IN RE: MELINDA “A”

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Supreme Court, Appellate Division, Third Department, New York.

IN RE: MELINDA “A”,1 Appellant, v. GREENE COUNTY DEPARTMENT OF SOCIAL SERVICES, Respondent.

Decided: December 28, 2000

Before:  CARDONA, P.J., MERCURE, CREW III, PETERS and ROSE, JJ. Marcel J. Lajoy, Schenectady, for appellant. James C. Steenbergh, Athens, for respondent. Veronica Wyckoff Kosich, Law Guardian, Catskill, for Joshua“ A”.

Appeal from an order of the Family Court of Greene County (Pulver Jr., J.), entered August 2, 1999, which dismissed petitioner's application, in a proceeding pursuant to Family Court Act article 6, for visitation with her son.

Petitioner is the mother of a son (hereinafter the child) born in 1991.   In 1995, a Florida court determined that petitioner had neglected the child by failing to properly protect him from abuse at the hands of her cohabitant.   The court ordered that the child be placed with relatives and that petitioner undergo a series of parenting classes and counseling sessions, be evaluated by a psychologist and complete all recommended treatment.   Although it is unclear whether petitioner successfully completed the court's treatment plan, the child was returned to her in August 1995 upon the express condition that he have no further contact with the individual who had abused him.   Based upon petitioner's subsequent noncompliance with that condition, the Florida court removed the child from petitioner's custody and placed him with his maternal aunt, who resided in New York. The Florida court's order allowed petitioner to have visitation with the child for one four-hour period each month.

Sometime later, petitioner moved to New York. In November 1997, she petitioned Family Court for an order granting her more expansive visitation rights.   During the pendency of that proceeding, and based upon the child's emergency admission to a psychiatric center and the advice of facility personnel that current visitation was not in the child's best interest, Family Court entered a temporary order dated January 23, 1998, continued by order dated February 18, 1998, prohibiting further visitation.   Ultimately, the matter came on for a hearing and by final order entered August 31, 1998, Family Court prohibited contact between petitioner and the child on the basis of opinion evidence presented by professional caregivers at the child's residential facility, and the child was placed in the custody of respondent.   Petitioner took no appeal from Family Court's August 31, 1998 order.   In February 1999, petitioner filed the present petition, seeking to modify the August 1998 order so as to permit visitation with the child.   In the absence of any showing of changed circumstances or evidence to support petitioner's allegations that the child desired to have visitation with her, Family Court denied the application.   Petitioner appeals.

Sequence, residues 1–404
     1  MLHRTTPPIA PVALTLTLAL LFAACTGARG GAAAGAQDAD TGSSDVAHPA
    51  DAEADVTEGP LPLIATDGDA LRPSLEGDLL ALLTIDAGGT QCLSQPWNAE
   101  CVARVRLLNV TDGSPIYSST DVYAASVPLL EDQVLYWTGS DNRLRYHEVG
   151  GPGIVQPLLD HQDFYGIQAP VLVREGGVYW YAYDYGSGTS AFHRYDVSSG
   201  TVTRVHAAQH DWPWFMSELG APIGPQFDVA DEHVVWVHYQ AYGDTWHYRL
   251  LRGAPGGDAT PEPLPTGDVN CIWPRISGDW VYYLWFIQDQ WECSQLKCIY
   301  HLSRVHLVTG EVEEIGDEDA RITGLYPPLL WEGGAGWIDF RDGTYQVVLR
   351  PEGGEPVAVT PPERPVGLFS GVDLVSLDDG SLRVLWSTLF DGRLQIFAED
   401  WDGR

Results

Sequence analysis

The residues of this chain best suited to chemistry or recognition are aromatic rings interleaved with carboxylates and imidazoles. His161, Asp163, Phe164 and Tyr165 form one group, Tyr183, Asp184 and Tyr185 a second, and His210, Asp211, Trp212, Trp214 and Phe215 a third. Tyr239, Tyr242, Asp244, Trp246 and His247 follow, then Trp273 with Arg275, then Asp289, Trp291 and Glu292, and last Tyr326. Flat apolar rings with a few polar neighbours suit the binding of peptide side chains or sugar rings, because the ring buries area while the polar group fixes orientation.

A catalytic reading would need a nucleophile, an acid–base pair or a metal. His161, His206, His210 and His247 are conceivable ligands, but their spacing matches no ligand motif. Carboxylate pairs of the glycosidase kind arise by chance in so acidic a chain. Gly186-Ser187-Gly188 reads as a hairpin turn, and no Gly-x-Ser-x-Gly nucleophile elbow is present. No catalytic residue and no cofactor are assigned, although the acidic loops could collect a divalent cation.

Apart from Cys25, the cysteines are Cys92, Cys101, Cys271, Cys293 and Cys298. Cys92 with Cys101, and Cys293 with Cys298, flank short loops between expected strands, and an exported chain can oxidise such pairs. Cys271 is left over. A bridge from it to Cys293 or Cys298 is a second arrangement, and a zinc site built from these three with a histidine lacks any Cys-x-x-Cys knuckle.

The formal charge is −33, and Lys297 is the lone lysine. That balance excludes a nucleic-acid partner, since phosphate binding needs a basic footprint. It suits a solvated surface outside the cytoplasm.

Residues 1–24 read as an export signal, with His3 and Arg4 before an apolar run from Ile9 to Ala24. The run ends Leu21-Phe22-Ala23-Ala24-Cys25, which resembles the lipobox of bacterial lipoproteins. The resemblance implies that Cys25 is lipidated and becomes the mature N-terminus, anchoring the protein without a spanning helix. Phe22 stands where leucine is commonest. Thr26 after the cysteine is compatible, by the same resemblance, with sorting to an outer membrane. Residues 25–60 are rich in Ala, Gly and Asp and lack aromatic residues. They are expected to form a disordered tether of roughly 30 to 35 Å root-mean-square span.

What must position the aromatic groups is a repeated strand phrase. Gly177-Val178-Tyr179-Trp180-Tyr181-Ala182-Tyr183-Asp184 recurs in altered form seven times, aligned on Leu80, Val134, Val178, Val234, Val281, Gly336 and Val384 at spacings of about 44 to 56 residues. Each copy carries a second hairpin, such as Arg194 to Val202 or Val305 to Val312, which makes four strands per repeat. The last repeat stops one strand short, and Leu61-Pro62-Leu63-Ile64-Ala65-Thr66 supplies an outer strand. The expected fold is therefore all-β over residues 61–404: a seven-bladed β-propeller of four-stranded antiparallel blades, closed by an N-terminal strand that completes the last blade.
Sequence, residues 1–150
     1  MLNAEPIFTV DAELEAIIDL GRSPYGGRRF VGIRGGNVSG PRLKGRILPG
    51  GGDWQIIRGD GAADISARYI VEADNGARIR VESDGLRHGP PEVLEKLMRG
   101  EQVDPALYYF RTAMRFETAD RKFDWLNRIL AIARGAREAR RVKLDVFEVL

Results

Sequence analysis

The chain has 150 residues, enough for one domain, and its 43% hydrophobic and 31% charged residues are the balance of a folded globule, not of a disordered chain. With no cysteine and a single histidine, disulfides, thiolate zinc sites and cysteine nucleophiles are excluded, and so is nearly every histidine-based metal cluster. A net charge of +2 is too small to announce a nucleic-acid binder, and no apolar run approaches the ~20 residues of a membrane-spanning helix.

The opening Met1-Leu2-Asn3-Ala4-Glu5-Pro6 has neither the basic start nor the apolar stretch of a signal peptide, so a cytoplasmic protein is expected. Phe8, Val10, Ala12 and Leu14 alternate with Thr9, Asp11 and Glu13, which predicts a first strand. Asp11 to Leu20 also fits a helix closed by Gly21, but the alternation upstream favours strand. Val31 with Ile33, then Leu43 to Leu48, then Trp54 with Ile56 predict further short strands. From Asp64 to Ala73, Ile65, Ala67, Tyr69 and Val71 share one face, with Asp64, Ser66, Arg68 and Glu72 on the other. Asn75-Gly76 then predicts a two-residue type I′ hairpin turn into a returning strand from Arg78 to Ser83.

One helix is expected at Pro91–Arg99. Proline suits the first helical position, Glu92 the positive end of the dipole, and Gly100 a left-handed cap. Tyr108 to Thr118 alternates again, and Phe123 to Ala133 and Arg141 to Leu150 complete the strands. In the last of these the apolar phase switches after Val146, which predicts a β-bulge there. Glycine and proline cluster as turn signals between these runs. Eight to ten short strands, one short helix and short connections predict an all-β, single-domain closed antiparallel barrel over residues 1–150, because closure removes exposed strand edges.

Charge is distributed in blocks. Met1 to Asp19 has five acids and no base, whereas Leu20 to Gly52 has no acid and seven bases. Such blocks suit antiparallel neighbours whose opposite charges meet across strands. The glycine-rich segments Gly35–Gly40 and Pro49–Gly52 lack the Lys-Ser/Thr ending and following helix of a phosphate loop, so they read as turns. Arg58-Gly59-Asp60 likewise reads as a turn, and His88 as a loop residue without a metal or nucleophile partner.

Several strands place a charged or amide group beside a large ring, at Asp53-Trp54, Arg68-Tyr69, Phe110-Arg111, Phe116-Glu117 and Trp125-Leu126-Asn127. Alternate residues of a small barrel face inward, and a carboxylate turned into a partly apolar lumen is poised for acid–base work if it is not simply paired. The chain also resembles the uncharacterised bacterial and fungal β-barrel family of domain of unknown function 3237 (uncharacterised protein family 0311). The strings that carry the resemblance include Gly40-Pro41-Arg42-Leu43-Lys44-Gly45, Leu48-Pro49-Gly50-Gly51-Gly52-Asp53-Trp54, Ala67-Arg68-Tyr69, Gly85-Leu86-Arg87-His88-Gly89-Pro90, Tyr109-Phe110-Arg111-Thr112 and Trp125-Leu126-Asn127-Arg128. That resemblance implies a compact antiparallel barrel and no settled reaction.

We affirm.   As correctly observed by Family Court, the record provides no support for the allegation of the petition that the child seeks to have visitation with petitioner.   To the contrary, it appears that when the child speaks of his “mother”, he refers to the maternal aunt who has been consistently involved in his life and his therapy sessions.   Further, the testimony of the child's health-care providers makes it apparent that the introduction of a new person in the child's life would be detrimental to his therapy.   Although the denial of visitation rights to a biological parent is a drastic remedy, and suspension of visitation rights by Family Court must be based on compelling reasons and substantial evidence that such visitation is adverse to the child's welfare (see, Matter of Sullivan County Dept. of Social Servs. v. Richard C., 260 A.D.2d 680, 682, 687 N.Y.S.2d 470, lv. dismissed 93 N.Y.2d 958, 694 N.Y.S.2d 635, 716 N.E.2d 700;  Matter of Kathleen OO. [Karen OO.], 232 A.D.2d 784, 786, 649 N.Y.S.2d 193), the child's best interest is paramount (see, Matter of Rogowski v. Rogowski, 251 A.D.2d 827, 674 N.Y.S.2d 480;  De Pinto v. De Pinto, 98 A.D.2d 985, 470 N.Y.S.2d 234).   In this case, the evidence supports the conclusion that petitioner should have no further visitation until the child develops the emotional strength necessary to handle problems he may encounter in associating with petitioner, and that to permit visitation at this time would be detrimental to the child's therapy and development.

ORDERED that the order is affirmed, without costs.

MERCURE, J.

CARDONA, P.J., CREW III, PETERS and ROSE, JJ., concur.

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